My favorite episode illustrates the battle which exists between brothers, Greg and Peter, who end up drawing a line down the middle of their room, attempting to distinguish who owned what.  Relying on emotions, not wisdom, their joint decision is not well thought out as Greg has complete control of the bathroom, yet only Peter has access to the hallway door.  Unfortunately, some people never mature, participating in ridiculous feuds over animals, children and possessions.  This moral decay continues today as a typical two parent family with one mom and one dad is now a minority, on the verge of becoming obsolete.  The Brady Bunch Generation has placed its stamp on American culture, embracing the imperfections so prevalent within mankind.

Genesis 31:1-2 reveals the beginning of a Brady Bunch like dispute between Laban and Jacob, whose name is later changed to Israel.  This tiff causes Jacob to flee without talking out his differences, like a child trying to run away from home in Genesis 31:17.  Laban pursues Jacob, eager to get things off his chest, Genesis 31:26.  Like a good solider, Jacob quietly waits for his turn to respond, beginning to rumble like a volcano ready to blow, Genesis 31:35-42.  Previously afraid of confrontation, Jacob releases his feelings which had been stored up for over 20 years.  Once both men had spoken their mind, this exchange sets the scene for an unique peace treaty in Genesis 31:43-55.  Instead of using tape to divide their territories, Laban and Jacob decide to use a heap of stones, creating a pillar.  This structure laid the boundary, similar to modern day property lines, agreeing not to intrude on the others’ life anymore.

This episode and biblical account reveal several great life lessons.  First, communication is crucial to maintaining peace with friends, family and neighbors.  Second, expressing your emotions allows you to let go of any grudge or resentment that you may have toward an individual.  Finally, when you bring other witnesses into your dispute, this serves as accountability down the road to prevent you from repeating the same mistake over again.  No one can ever achieve perfection, but if you give God your best, Matthew 5:48, He can make the rest of your days on earth like a story book ending, at least as good as life can get.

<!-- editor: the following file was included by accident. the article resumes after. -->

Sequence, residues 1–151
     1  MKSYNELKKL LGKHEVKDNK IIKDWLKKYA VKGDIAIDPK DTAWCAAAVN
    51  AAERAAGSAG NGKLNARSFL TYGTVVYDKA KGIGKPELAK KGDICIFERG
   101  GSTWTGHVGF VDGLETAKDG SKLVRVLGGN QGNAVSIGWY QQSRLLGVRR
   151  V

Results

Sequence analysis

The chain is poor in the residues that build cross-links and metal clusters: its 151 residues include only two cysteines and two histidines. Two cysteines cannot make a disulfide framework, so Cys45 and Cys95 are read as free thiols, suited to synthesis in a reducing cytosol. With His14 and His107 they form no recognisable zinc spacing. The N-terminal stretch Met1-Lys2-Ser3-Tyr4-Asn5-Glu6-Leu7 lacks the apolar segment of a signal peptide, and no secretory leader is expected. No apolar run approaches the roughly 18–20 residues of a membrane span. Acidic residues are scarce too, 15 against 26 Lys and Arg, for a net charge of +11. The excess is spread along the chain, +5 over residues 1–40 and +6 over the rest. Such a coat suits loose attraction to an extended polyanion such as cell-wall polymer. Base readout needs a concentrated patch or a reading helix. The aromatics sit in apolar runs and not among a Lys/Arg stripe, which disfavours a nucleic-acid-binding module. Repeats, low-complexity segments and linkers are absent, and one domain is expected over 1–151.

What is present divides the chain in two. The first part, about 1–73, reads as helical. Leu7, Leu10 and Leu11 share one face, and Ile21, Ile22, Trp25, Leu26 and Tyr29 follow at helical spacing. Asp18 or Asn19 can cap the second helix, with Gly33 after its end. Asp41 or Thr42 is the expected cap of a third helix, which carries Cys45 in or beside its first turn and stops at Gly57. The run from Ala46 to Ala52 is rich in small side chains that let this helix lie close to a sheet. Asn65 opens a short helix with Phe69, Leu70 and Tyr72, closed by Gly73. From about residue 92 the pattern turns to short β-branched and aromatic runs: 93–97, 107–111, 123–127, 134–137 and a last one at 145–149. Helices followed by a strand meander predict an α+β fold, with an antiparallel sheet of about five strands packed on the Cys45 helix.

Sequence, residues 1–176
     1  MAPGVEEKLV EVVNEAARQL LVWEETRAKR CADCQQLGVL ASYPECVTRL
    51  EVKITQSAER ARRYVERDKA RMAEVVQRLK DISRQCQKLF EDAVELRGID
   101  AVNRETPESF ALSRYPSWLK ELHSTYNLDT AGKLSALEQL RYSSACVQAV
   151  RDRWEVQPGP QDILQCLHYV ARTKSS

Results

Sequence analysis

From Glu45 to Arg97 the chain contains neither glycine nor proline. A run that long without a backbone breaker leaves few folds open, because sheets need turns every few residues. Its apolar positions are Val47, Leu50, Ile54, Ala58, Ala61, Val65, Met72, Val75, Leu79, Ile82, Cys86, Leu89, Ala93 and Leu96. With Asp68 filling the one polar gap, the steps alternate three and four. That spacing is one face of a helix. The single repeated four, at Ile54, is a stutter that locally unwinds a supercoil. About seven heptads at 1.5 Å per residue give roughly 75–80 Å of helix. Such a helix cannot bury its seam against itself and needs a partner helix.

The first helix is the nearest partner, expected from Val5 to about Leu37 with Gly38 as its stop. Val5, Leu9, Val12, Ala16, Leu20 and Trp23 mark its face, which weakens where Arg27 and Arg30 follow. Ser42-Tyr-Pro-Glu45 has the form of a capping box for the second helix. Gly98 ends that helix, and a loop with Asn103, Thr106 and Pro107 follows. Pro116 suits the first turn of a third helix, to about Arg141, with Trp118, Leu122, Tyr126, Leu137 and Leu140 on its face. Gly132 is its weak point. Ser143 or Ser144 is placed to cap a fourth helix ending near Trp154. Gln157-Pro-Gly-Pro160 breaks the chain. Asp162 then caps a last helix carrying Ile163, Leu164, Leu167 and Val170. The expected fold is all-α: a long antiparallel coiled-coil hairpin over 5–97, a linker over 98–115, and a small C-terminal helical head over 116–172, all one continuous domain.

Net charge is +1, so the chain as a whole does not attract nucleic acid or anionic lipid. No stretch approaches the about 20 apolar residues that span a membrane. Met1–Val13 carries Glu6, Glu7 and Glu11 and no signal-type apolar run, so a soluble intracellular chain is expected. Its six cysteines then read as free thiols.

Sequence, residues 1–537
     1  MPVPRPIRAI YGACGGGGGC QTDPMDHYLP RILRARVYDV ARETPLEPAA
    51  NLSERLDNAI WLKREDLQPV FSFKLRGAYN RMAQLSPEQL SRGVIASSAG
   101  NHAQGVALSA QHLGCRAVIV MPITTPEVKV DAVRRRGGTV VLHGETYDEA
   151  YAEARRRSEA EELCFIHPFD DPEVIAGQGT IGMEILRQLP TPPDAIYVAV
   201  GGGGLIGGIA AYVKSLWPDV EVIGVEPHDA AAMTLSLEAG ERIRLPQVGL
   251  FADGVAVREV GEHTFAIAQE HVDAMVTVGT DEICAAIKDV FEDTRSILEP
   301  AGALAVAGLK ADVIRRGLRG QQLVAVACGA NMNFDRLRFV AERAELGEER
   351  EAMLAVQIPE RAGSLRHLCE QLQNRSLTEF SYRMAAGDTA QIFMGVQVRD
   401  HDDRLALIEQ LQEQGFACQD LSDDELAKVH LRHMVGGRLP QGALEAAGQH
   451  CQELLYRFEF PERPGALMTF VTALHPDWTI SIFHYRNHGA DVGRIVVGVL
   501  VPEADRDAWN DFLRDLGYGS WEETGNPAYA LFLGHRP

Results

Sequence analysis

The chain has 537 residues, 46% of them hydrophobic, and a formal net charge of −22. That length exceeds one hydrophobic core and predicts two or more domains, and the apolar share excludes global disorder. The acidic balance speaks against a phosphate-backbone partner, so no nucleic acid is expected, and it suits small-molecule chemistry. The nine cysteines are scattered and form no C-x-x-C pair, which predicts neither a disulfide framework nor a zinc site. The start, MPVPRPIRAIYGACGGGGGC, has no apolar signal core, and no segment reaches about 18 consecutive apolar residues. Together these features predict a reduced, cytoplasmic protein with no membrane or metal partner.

by Jay Mankus

The First Call

Before the days of Instant Messaging, Skype and Texting, there was something socially stimulating about phone calls.  Leanne, my wife and I, spent most of our first 6 months dating over the phone.  Living 8 hours apart, distance forced us to communicate indirectly, depending on a receiver to translate the emotions and words we felt for one another.  According to Genesis 4:26, there was another type of call which happened long ago.

Separated from God, kicked out of the Garden of Eden in Genesis 3:24, the intimacy Adam and Eve shared on walks with the Lord together ceased, Genesis 3:8.  Whether it was doubt, guilt or shame, more than a generation went by without clearly connecting with the Creator of life.  After the Tree of Knowledge debacle and subsequent murder of Abel, contact had come to a standstill.  Yet, the birth of Seth, meaning “God has granted another child in Abel’s place,” served as a sign of healing.  Although, no one directly is given credit for breaking this silence,  Seth and Enosh opened the door for Noah’s special relationship with God.

For Moses, it was a whisper from inside a burning bush, Exodus 3:2-3.  Samuel experienced his first call from a voice in a dream, 1 Samuel 3:4.  The apostle Paul saw a blinding light on the road to Damascus before hearing Jesus speak, Acts 9:4-6.  As for me, my first call came during a nervous breakdown in high school, with my heart, empty and hungry for something more in life.  If you’ve not yet experienced your first call with God, you’re not alone.  May the words of Romans 10:1-17 lead you to your first call on the name of the Lord.

by Jay Mankus